Naomi Roquet Went from Leading Worship to Tending Bar at Reeds American Table


Naomi Roquet is living her dream at Reeds American Table. - MONICA MILEUR
  • Naomi Roquet is living her dream at Reeds American Table.

When she was a teenager, Naomi Roquet had a clear idea of her life's calling — one that was about as far removed from tending bar as you can get.

"I grew up in a Christian home and my dad was the youth pastor at our church," Roquet recalls. "I thought I should be involved, and I always loved music, so I thought I would help out with worship. I started in middle school, and by the time I got to high school, I was co-leader."

Roquet did not see leading worship as just a hobby; she thought it was what she wanted to do with her life — or at least that is what she told herself after graduating high school. Although school was never really her thing, she felt an obligation to go to college and set her sights on becoming a traveling worship leader, encouraging young church members with artistic talents.

However, she hit a rough patch, and it quickly became apparent that she was the one who was going to need the encouragement. "I just got angry and lost, and it was like I didn't know what I was supposed to do," Roquet explains. "I just gave up on everything and dropped out."

Around that time, Roquet began working for Starbucks, and to her surprise, she enjoyed it. She worked for the company for more than five years before getting into the retail field, working at Urban Outfitters and then Target.

While working for Target, Roquet got a second job serving at the Scottish Arms. It was love at first sight, and as she got to know some of the top bartenders around town, she got an inkling that she just might be onto something. She quit serving and moved out to St. Charles, where she got her first bartending gig at Prasino. She was hooked.

"I didn't think this would be a passion, but when I started doing it and creating and seeing how I could make people happy one drink at a time, it started to change me," Roquet recalls. "I'm equally left- and right-brained — creative and passionate, but I still need things to be a certain way and organized. I saw that you have to be both of those for bartending, and I realized, 'OK, this job is actually perfect for me.'"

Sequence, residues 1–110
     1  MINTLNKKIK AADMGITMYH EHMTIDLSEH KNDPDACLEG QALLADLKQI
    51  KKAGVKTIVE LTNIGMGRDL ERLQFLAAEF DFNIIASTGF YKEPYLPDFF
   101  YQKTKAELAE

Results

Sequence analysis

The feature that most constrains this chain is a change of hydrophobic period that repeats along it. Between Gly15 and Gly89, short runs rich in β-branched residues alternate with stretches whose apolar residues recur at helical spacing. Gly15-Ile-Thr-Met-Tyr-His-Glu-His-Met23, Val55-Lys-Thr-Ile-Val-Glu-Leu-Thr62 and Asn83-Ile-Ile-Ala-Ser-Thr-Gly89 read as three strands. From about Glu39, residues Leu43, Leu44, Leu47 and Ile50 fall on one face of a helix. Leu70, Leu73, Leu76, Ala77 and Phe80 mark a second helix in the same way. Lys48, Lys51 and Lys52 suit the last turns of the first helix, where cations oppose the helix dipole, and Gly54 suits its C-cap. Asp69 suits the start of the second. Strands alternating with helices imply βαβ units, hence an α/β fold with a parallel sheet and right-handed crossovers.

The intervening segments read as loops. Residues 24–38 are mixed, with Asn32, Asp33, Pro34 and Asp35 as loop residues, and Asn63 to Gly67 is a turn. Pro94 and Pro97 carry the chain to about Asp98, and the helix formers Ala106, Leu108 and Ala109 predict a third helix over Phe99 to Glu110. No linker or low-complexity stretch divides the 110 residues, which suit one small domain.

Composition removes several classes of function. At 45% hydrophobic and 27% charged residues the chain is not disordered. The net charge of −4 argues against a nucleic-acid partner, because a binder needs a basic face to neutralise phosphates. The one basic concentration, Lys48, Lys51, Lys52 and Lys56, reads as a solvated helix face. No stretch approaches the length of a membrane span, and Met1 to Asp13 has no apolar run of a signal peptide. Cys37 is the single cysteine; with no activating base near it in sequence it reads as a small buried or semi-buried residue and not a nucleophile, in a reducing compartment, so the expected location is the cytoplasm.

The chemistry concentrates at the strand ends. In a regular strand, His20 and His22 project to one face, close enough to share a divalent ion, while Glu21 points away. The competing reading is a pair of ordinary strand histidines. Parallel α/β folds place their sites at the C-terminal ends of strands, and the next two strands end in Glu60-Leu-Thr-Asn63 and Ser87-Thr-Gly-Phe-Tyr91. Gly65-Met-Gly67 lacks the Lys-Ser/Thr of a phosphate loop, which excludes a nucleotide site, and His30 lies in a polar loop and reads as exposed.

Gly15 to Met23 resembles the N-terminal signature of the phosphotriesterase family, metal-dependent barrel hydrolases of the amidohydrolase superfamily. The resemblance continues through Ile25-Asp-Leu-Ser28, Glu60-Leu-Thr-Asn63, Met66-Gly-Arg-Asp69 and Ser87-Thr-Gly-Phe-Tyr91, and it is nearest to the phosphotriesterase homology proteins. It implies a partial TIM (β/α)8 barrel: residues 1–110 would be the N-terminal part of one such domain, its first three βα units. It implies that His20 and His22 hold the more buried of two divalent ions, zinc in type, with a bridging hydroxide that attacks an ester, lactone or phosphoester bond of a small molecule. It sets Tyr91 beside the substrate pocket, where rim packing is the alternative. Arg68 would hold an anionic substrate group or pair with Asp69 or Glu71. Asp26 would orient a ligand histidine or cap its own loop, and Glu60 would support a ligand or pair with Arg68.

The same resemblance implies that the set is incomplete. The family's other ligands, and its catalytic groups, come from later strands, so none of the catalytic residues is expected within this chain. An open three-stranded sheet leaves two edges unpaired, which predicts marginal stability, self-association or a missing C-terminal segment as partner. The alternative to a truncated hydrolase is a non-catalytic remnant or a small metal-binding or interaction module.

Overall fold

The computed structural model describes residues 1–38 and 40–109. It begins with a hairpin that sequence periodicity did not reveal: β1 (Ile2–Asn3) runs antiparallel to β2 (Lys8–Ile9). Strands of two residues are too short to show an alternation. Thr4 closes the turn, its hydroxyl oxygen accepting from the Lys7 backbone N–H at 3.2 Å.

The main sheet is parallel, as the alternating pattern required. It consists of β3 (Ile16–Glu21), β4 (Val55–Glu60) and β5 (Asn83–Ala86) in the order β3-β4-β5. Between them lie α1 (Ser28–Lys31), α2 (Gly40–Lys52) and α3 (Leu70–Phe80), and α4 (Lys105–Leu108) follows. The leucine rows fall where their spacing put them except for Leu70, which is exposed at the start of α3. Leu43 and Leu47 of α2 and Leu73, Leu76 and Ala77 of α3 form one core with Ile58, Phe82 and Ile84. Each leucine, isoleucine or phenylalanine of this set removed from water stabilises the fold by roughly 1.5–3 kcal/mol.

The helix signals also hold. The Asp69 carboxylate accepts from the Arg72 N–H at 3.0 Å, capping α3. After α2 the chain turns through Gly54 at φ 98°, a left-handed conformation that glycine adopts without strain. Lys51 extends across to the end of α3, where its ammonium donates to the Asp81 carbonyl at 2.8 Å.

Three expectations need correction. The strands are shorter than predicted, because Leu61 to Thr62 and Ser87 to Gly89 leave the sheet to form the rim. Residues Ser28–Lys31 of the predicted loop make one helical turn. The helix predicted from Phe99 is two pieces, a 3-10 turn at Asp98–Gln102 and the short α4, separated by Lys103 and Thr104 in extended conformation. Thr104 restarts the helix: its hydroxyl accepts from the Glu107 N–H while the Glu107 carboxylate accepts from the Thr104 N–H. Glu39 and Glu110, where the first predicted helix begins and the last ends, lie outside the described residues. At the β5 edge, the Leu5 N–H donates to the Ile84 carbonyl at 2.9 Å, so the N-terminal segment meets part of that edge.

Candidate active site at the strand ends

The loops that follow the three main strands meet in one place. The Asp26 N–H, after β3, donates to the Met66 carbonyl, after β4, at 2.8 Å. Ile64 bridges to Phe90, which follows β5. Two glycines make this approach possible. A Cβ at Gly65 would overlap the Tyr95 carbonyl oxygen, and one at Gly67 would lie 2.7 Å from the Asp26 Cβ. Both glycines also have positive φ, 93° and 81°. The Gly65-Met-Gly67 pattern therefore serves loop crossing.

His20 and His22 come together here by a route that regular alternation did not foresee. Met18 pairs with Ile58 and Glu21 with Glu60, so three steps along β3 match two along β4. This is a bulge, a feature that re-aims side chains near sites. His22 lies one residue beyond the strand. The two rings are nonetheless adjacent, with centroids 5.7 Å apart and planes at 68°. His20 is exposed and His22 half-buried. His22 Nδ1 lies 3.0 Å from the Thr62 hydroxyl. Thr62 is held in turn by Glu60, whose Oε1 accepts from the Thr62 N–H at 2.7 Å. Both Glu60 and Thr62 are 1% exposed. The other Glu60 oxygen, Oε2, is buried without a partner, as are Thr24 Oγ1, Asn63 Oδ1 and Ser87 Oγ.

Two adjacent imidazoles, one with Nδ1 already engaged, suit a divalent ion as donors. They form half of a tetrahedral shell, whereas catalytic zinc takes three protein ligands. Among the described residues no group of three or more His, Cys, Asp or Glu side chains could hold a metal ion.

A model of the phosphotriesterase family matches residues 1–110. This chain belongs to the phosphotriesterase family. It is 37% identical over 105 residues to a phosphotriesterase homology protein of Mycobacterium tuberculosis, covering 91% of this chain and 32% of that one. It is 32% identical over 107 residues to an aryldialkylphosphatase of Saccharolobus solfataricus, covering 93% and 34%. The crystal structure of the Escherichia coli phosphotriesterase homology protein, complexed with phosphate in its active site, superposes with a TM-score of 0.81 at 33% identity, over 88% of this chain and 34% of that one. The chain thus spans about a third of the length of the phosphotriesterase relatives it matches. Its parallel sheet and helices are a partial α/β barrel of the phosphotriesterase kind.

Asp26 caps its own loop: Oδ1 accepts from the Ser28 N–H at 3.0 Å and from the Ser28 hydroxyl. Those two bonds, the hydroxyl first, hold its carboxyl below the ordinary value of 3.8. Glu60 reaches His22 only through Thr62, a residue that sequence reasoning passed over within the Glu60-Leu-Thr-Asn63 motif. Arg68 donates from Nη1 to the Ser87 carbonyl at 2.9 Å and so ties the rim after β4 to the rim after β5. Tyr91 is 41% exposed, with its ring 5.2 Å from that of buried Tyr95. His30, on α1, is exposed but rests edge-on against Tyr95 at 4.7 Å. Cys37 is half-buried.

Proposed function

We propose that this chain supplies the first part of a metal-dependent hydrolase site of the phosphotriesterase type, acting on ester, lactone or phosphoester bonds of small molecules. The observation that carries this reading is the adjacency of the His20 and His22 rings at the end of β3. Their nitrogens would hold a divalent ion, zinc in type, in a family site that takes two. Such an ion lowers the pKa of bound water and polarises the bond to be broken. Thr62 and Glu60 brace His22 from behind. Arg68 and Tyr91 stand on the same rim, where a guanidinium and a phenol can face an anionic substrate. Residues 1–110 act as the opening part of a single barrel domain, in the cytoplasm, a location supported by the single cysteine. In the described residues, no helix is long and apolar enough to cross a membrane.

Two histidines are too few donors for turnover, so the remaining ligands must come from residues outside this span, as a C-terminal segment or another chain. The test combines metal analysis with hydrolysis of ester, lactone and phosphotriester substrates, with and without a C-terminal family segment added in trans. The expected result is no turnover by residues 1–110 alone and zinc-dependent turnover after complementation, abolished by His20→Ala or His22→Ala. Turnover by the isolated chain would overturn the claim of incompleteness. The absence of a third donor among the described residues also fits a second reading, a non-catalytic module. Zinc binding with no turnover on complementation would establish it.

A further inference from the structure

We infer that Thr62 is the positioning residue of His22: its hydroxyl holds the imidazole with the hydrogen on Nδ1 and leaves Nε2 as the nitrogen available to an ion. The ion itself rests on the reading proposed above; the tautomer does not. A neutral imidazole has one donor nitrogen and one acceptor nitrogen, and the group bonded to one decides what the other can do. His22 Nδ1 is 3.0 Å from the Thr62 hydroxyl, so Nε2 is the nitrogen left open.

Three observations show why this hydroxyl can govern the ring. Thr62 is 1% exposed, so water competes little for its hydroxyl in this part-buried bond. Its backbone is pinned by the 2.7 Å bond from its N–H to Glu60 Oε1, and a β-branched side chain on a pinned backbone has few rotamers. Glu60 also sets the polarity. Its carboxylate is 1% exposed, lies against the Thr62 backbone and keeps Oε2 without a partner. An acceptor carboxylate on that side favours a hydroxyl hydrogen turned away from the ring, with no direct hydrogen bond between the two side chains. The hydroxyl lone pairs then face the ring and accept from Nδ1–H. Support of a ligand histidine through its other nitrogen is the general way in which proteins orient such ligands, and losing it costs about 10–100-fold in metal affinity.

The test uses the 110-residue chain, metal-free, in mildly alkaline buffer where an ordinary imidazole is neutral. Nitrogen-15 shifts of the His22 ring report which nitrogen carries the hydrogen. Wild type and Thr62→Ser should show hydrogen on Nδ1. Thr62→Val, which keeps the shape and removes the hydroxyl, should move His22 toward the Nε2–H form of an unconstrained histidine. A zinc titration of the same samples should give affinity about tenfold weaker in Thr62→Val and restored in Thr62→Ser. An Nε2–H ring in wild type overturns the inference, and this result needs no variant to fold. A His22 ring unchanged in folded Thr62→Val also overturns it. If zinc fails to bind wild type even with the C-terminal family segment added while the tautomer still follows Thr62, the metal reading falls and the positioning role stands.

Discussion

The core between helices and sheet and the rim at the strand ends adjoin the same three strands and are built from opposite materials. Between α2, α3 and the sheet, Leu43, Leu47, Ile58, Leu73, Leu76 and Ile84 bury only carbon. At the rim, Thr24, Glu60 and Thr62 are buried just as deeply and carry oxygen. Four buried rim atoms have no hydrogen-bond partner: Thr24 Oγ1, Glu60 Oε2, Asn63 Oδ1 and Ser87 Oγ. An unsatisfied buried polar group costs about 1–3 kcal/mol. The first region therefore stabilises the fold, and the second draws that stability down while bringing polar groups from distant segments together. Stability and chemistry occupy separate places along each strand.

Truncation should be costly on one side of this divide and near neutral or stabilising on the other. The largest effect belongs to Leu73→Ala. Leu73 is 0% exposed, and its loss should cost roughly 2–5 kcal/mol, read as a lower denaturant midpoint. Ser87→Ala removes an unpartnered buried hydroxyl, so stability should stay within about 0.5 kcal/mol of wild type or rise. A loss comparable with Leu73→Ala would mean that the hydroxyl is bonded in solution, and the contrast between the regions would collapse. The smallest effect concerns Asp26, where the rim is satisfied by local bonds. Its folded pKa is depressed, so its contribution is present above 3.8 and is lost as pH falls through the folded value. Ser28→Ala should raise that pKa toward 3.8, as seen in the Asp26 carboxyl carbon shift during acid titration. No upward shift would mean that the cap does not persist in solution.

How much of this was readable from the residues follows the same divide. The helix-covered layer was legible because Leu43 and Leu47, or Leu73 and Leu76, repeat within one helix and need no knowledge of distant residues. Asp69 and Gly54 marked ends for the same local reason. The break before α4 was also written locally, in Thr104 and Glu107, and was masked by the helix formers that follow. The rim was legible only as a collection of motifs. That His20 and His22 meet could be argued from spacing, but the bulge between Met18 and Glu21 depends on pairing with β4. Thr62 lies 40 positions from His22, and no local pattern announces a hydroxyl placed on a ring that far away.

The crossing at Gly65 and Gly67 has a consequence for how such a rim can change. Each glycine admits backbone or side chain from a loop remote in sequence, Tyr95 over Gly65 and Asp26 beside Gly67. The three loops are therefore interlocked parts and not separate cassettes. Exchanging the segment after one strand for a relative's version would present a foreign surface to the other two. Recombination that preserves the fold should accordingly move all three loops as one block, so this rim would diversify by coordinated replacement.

After Prasino, Roquet landed a job working alongside Ben Bauer, one of the city's top bartenders, at the Libertine. She did not allow herself to be intimidated, instead seeing it as a challenge to get better.

"Ben already had a reputation, so it was motivation for me," says Roquet. "I didn't want people coming in and saying that they would wait for him to make their drink. I wanted them to want me to make it. It was a fun challenge."

Roquet honed her craft at the Libertine, then Scarlett's Wine Bar and Juniper before landing the bartending gig of a lifetime at the powerhouse Reeds American Table (7322 Manchester Road, Maplewood; 314-899-9821). She was shocked when sommeliers Alisha Blackwell-Calvert and Andrey Ivanov sat her down and told her she was their top choice.

"I kept pinching myself," Roquet recalls. "Alisha and Andrey were talking about what my job would be and the entire time, I was thinking that I could not believe it."

These days, she may be living the dream, but she hasn't forgotten how she got here. Every day, she draws upon the experiences of her time at other bars, Starbucks, Target, and even the Pizza Hut she managed, where she learned the importance of inventory and putting together a team.